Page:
Problem Set 3Phaster Phylogeny |
Out: 9 February Due: 15/17 February (see below) |

**Collaboration Policy - Read Carefully**

For this assignment, you may work on your own or with any one other person of your choice. If you work with a partner, you should turn in one assignment with both of your names on it. Keep in mind that the main purpose of this assignment is to help you prepare for Exam 1. So, you should decide to work alone or with a partner based on which approach you believe will be most helpful to you in learning the material it covers.

You may consult any outside resources including books, papers, web sites and people you wish. You are also encouraged to discuss these problems with students in the class.

You are **strongly encouraged** to take advantage of the staffed lab
hours posted on the CS216 web site.

**Purpose**

- Gain some experience with recursive definitions.
- Prepare for Exam 1 by reviewing concepts covered in CS216 so far including asymptotic algorithm analysis, data abstractions and their implementation (lists, trees), developing algorithms that manipulate data abstractions.
- Learn to develop and understand greedy algorithms.

- What is the worst case running time of your
`equal`method? - What is the best case running time of your
`equal`method? - What is the worst case space usage of your
`equal`method? - What is the worst case space usage of your
`equal`method if the input trees are both well-balanced?

- What is the worst case running time of your
`iterEqual`method? - What is the best case running time of your
`iterEqual`method? - What is the worst case space usage of your
`iterEqual`method? - What is the worst case space usage of your
`iterEqual`method if the input trees are both well-balanced?

def tlookup(self, key): def lookuprange(items): if len(items) == 0: return None if len(items) == 1: if items[0].key == key: return items[0].value else: return None split1 = len(items) / 3 split2 = 2 * len(items) / 3 if key < items[split1].key: return lookuprange (items[:split1]) elif key < items[split2].key: return lookuprange (items[split1:split2]) else: return lookuprange (items[split2:]) return lookuprange(self.items)Is this a good idea? (A good answer will consider the effect of Ari's change on both the asymptotic and absolute properties of the procedure.)

The problem of finding the best phylogeny for a set of sequences is known to be NP-Complete (don't worry if you dont know what this means yet, we will cover it later). This means that it is unlikely that any solution asymptotically better than trying all possible trees exists. (If a faster approach is found, it would mean that lots of other believed to be hard problems could also be solved quickly.) So, to solve phylogeny construction problems of a non-trivial size, we need to make compromises. We tradeoff the guarantee of finding the best phylogeny, for the practicality of finding a phylogeny that is likely to be reasonably good quickly.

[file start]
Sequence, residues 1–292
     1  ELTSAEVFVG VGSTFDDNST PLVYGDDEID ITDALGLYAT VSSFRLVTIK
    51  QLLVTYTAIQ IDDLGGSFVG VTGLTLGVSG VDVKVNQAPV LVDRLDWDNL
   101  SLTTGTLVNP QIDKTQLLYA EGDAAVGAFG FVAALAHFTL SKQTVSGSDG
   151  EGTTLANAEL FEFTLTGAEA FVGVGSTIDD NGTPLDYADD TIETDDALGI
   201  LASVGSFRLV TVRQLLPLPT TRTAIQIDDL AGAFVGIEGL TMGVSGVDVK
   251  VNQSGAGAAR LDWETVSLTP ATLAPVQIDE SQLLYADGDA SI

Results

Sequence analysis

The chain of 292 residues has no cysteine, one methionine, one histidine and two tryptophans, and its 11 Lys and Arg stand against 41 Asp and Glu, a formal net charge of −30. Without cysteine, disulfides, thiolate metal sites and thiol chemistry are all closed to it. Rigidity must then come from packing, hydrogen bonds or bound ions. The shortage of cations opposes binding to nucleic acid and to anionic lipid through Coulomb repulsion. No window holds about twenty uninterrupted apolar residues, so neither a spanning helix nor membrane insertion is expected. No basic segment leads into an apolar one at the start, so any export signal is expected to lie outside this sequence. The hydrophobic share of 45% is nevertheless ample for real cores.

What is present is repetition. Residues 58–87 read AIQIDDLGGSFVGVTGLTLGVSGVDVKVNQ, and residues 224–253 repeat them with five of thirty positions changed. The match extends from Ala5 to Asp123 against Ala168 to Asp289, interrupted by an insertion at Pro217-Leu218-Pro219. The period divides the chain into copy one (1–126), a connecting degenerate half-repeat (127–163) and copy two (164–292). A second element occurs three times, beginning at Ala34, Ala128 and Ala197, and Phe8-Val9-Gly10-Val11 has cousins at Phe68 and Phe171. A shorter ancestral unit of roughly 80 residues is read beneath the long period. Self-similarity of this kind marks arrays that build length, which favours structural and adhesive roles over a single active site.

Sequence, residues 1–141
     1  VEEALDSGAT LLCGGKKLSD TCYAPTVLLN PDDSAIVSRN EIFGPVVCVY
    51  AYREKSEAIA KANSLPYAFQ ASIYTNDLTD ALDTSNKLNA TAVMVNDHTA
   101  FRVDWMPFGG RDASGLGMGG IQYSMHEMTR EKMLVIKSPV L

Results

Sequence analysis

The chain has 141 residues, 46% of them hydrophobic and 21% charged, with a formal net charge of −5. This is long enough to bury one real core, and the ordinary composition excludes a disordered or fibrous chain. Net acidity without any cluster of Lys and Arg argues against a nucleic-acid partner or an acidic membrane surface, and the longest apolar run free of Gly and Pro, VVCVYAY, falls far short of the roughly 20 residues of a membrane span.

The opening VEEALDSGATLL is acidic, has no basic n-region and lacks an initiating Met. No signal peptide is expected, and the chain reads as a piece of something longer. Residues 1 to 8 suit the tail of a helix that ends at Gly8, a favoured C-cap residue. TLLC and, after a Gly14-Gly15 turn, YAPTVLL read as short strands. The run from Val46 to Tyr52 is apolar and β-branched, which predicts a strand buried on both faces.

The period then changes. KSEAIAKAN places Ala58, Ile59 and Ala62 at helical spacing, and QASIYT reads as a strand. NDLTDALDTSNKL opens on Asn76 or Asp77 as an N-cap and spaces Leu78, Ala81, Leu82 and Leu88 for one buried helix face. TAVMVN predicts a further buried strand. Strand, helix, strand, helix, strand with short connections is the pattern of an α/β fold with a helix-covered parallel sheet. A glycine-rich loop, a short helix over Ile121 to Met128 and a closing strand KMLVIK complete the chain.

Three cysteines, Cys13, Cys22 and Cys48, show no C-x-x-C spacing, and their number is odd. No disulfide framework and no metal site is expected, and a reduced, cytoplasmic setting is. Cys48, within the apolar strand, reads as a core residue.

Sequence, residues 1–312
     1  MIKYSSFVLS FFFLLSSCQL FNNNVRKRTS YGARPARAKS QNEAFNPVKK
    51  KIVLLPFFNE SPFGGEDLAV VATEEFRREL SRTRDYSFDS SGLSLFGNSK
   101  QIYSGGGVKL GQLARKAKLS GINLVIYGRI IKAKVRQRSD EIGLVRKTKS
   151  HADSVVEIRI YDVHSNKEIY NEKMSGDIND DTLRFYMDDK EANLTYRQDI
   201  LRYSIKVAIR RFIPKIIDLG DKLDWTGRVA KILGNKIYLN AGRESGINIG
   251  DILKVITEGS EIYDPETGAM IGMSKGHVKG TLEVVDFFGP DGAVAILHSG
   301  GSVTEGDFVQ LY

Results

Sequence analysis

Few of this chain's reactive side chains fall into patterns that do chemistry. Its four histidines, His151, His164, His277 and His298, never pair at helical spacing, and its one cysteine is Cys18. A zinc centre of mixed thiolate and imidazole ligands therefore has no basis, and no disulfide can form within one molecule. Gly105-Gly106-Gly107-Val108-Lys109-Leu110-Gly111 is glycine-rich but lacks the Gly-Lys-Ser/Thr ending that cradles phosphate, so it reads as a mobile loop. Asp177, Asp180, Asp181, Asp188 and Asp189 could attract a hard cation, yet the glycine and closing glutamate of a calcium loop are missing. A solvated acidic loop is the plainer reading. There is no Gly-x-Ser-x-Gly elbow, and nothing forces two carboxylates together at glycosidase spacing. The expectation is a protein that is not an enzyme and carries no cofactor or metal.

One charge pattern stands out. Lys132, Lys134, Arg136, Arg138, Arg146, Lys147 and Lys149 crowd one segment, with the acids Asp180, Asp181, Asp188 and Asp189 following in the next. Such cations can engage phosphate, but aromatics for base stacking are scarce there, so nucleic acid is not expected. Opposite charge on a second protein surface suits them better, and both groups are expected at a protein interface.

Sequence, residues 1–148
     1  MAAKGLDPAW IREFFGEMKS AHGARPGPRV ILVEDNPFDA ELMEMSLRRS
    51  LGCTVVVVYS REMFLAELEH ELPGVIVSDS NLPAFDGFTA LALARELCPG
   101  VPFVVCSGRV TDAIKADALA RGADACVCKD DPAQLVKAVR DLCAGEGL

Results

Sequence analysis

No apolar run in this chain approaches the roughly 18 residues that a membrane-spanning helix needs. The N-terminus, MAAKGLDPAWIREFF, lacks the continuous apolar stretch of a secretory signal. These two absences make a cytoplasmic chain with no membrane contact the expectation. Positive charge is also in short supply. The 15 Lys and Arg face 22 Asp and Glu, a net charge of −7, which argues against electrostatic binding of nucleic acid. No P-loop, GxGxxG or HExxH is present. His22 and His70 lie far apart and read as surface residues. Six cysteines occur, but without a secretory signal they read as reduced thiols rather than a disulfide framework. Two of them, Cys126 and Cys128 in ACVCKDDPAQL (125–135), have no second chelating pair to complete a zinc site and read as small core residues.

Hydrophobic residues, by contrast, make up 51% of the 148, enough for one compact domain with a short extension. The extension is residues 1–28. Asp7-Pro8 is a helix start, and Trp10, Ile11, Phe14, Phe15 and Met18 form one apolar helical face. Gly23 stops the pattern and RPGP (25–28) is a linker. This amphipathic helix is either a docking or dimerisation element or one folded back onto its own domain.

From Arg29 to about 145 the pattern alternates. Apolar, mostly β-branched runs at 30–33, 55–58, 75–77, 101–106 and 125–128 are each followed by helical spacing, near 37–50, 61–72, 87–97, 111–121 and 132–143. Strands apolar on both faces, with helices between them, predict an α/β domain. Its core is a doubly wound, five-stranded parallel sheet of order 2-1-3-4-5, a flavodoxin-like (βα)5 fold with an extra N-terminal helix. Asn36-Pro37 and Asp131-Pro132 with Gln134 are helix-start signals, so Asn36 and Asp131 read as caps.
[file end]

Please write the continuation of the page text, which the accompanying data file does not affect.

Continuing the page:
The approach we will use is an example of a *greedy algorithm*. A
greedy algorithm makes the locally optimal solution first and at each
successive step. This strategy is fast, since it only involves
considering each immediate possibility, instead of considering all
possibilities for the entire solution. However, it is not guaranteed to
lead to a globally optimal solution (in this case, it might not find the
best possible phylogeny).

The algorithm we will use is a simple version of the UPGMA (unweighted pair group method with arithmetic mean) algorithm (which is a bit simpler than the most popular current phylogeny construction algorithms).

The idea behind UPGMA is to greedily form groupings by forming subtrees by connecting the most similar sequences at every step. We start by computing a table of the goodness scores of all pairs of sequences. Then, we find the two elements with the highest goodness score, and connect them (one element will be the parent and the other its left child). Then, we add the other elements to the tree greedily — with each step we find the addition with the maximal parsimony score possible (without altering the existing tree). Each iteration considers all remaining elements in the set, and all possible positions in the tree where they could be added — as a new root (with the existing root as its left child) and as a child of any node that does not already have two children. We continue in this manner until all nodes are added to the tree.

For example, consider the example from PS2 with goodness matrix:

Species | Cat | Dog | Feline | Tiger |
---|---|---|---|---|

Cat | - | 0 | 20 | 36 |

Dog | 0 | - | 0 | 0 |

Feline | 20 | 0 | - | 30 |

Tiger | 36 | 0 | 30 | - |

Our greedy algorithm will start by linking the two elements with the highest goodness score:

Tiger CatOf course it is symmetric, so we could also do,

Cat TigerNext, we will add another element to the tree. First, we consider adding Feline. There are 3 possibilities:

Feline Tiger Cat goodness = 30 + 36 = 66 Tiger Cat Feline goodness = 36 + 20 = 56 Tiger Cat Feline goodness = 36 + 30 = 66We also consider adding Dog:

Dog Tiger Cat goodness = 0 + 36 = 36 Tiger Cat Dog goodness = 36 + 0 = 36 Tiger Cat Dog goodness = 36 + 0 = 36Of the six trees we consider, the best are the 1st and 3rd (with equally good scores of 66). So, we greedily pick one of them (say the 1st) and continue.

Now, we have one element left to add. We consider all possibilities of adding dog to the tree:

Dog Feline Tiger Cat Feline Tiger Cat Dog Feline Tiger Cat Dog Feline Tiger Cat DogAll of them are equally good (since the goodness score of Dog with any other element is 0).

In this case we were lucky — the greedy algorithm found the best possible phylogeny with far less work than the brute force algorithm. However, the greedy algorithm is not guaranteed to always find the best phylogeny.

CS216: Program and Data RepresentationUniversity of Virginia |
David Evansevans@cs.virginia.eduUsing these Materials |